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Kimptonism - or the art of blackmail
It was their telegraphic address, but for Kimpton's Detective Agency, it could also be used as shorthand to describe their criminal activities...
Part of a series of Kimpton’s adverts in the Daily Telegraph of 31 January 1911 (via the British Newspaper Archive)
For less than two years, and just before World War 1, one of central London's detective agencies was Kimpton's. Based at 71 Strand, it placed numerous adverts in single issues of the London press, advertising its various skills, from finding evidence for divorce to locating missing people. It had two telephone lines, and its telegram address was 'Kimptonism'. Unfortunately, in 1912, it emerged that Kimptonism was also a very good word to describe how Kimpton's got some of its money: through blackmail.
Kimpton's was not, despite its name, run by anyone called Mr Kimpton. It was actually owned by Francis Henry Page, who appointed William Henry Glendinning as manager, and Frederick Marshall as clerk. Prior to setting up, Page had been a furniture salesman, and Glendinning a commercial traveller. Both were Londoners born and bred; both were middle aged men seeking more interesting, lucrative work with which to maintain their wives and numerous children.
Page had a chequered history, which included a conviction for obtaining money by false pretences in 1906. Glendinning, who had previously had a reputation for honest work, joined his new business at the start of 1911, but may have come to regret it. Their downfall came when they came into contact with an elderly countess.
An earlier view of the Strand, where Kimpton’s agency was based
The Countess Anna de Hamil de Manin was a widow in her late 60s, her husband having been a French count. She was vulnerable to the approaches of men claiming to be in love with her, and had some sort of acquaintance with two in particular: a Daniel O'Connor and another man, referred to as 'Mr Dobby'. Whatever relationship they had had petered out, but the Countess later wrote a series of letters to the relatives of a Mrs Williams, who had since got engaged to Dobby. These - by what you can tell in vague accounts of the case - exposed the Countess's relationship with Dobby. The letters were written in 1907, and reached Dobby's hands; he sat on them until 1911, when he took them to Kimpton's Detective Agency.
It seems that both Dobby and the agency wanted money, and so Page and Glendinning started a blackmail scheme. They wrote to the Countess, promising to return her letters if she would admit in writing to having written them in the first place. Terrified, she signed a document they produced for her. But the men did not return her letters, and instead threatened her, ordering her to pay them £1,000 or they would fabricate a libel charge against her and make her spend a night in Bow Street's police cells. They threatened the poor woman for two hours at their office, until she was in a state of collapse, at which point they reduced the amount they wanted to £400. The exhausted woman signed four bills for £100 each, and handed over the jewellery she was wearing - a gold and pearl chain pendant - for 'security'.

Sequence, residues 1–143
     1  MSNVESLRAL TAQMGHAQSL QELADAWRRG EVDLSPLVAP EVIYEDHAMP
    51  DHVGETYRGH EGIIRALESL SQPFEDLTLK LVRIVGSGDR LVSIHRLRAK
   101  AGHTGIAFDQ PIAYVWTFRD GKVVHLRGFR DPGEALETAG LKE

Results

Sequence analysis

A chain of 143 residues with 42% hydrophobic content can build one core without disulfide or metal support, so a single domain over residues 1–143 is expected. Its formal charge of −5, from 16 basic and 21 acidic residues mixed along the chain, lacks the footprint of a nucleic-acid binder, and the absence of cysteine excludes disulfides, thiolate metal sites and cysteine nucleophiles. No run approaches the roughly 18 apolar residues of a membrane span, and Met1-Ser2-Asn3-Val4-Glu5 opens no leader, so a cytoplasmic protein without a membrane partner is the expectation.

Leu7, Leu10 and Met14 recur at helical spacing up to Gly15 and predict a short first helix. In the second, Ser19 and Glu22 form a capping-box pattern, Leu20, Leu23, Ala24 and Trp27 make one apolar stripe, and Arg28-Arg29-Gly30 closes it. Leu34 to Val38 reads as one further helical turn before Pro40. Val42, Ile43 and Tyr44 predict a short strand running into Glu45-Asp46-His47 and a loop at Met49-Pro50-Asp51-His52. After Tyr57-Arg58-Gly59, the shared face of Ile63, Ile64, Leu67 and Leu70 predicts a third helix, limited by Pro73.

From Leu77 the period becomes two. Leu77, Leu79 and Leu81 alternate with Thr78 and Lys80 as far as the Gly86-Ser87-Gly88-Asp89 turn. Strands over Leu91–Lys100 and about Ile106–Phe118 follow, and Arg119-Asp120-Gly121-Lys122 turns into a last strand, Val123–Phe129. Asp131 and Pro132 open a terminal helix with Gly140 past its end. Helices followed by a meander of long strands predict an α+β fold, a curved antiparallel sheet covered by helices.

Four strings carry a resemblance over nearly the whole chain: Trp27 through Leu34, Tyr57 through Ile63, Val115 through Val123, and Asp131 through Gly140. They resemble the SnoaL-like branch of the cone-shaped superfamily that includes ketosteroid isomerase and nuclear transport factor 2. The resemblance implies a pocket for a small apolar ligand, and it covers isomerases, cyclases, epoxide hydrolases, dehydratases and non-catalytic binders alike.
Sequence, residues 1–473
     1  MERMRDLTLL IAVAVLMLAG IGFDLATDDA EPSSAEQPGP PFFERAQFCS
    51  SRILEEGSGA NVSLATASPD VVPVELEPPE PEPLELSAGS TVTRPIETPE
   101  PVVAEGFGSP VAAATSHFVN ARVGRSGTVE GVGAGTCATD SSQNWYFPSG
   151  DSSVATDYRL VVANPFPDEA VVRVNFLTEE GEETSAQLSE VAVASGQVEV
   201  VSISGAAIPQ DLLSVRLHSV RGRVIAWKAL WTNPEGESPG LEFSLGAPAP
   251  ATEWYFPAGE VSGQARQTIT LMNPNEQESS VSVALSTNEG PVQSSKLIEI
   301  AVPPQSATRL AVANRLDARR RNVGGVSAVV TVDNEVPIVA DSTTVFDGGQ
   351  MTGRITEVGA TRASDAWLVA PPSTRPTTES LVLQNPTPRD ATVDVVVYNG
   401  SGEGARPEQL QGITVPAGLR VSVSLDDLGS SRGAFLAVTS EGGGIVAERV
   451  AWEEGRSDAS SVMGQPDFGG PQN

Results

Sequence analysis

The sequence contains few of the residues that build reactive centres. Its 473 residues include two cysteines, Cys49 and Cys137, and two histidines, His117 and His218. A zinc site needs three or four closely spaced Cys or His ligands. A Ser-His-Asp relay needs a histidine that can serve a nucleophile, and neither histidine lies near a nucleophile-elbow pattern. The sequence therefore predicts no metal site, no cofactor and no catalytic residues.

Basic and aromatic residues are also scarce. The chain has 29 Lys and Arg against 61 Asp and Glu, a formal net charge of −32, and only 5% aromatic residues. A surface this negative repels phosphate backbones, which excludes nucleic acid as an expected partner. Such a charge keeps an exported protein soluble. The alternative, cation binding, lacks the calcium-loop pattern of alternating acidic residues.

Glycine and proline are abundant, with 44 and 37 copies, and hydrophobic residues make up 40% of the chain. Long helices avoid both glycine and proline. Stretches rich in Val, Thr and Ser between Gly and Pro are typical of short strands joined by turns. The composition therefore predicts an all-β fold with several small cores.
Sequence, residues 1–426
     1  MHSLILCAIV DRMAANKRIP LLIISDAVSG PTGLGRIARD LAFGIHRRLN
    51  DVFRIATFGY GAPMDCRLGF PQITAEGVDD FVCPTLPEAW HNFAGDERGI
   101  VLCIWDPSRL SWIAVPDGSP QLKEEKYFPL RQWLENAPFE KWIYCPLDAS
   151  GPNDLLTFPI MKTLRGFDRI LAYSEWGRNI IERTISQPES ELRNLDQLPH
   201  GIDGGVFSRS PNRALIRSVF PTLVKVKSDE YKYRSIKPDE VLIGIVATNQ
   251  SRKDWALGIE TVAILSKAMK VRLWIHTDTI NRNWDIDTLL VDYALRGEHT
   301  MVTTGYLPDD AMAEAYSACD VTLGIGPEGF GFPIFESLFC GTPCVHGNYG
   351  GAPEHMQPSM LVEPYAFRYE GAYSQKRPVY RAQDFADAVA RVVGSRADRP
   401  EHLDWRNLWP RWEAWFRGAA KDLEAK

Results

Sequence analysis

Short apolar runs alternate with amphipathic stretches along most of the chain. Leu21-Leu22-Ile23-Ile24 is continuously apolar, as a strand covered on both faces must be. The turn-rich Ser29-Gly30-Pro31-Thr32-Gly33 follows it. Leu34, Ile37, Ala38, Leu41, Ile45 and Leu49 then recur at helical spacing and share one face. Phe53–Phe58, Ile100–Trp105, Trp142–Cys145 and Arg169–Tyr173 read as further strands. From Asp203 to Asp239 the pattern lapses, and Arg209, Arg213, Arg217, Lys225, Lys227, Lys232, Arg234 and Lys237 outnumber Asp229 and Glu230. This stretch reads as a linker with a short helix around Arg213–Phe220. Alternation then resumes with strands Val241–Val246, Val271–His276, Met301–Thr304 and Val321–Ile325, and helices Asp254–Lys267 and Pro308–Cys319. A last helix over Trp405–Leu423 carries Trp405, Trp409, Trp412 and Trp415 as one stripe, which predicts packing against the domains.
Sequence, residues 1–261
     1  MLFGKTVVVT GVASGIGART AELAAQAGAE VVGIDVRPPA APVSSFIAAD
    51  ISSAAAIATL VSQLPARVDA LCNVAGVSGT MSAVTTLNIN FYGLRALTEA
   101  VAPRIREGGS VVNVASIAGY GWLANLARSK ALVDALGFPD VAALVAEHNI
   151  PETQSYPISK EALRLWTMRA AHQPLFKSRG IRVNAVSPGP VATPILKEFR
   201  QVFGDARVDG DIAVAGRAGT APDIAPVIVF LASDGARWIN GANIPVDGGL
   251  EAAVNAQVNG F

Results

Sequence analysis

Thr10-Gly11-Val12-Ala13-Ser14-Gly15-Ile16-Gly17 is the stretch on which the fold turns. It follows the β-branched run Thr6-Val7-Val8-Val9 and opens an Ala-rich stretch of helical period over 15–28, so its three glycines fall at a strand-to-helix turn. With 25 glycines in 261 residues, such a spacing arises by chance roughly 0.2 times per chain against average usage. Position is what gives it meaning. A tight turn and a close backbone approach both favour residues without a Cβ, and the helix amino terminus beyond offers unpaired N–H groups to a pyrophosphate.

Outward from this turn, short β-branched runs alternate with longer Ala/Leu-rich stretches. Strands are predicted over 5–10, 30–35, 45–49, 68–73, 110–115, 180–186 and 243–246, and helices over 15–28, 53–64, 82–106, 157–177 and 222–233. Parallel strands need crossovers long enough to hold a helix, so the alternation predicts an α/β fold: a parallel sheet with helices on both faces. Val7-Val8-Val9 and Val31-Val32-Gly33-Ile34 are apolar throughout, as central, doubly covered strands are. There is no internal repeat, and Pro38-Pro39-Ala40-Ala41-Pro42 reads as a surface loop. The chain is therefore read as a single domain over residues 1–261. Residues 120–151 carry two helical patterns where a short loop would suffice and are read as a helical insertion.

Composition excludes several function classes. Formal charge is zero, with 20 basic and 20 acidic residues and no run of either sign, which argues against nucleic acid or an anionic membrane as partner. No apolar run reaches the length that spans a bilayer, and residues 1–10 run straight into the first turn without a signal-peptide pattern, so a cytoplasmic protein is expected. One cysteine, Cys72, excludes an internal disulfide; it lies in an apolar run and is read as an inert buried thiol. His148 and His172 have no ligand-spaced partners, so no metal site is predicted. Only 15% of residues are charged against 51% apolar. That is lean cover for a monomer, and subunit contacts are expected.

Once out of the office, the Countess started proceedings against the agency, and Page, Glendinning, and their clerk Frederick Marshall, were all duly arrested and charged. They were tried at the Old Bailey, and the two main men were convicted and sentenced to 12 months' hard labour, to date from 9 January 1912. Frederick Marshall, who appears to have had mental health problems, was seen as having had a more minor role in the blackmail attempt than his bosses, and was released on his own recognisances of £100, and another bond of £100 from a Mrs Griffiths - presumably a friend or relation.
This was the end of Kimpton's Detective Agency, and of Kimptonism - it had been a shortlived venture. In the 1911 census, both Page and Glendinning had proudly recorded their occupations as private detectives. They would now need new occupations: Page became a cabinet draughtsman, whereas Glendinning may have become a journalist and PR man - reflecting his skill in creating adverts for his detective agency. I don't think Kimpton's was always a front for blackmail; it is more likely that it was a bona fide agency but one where its owner and manager got a little bit too greedy, saw a way to make some easy money - but found that the case of the Countess was one they would not win.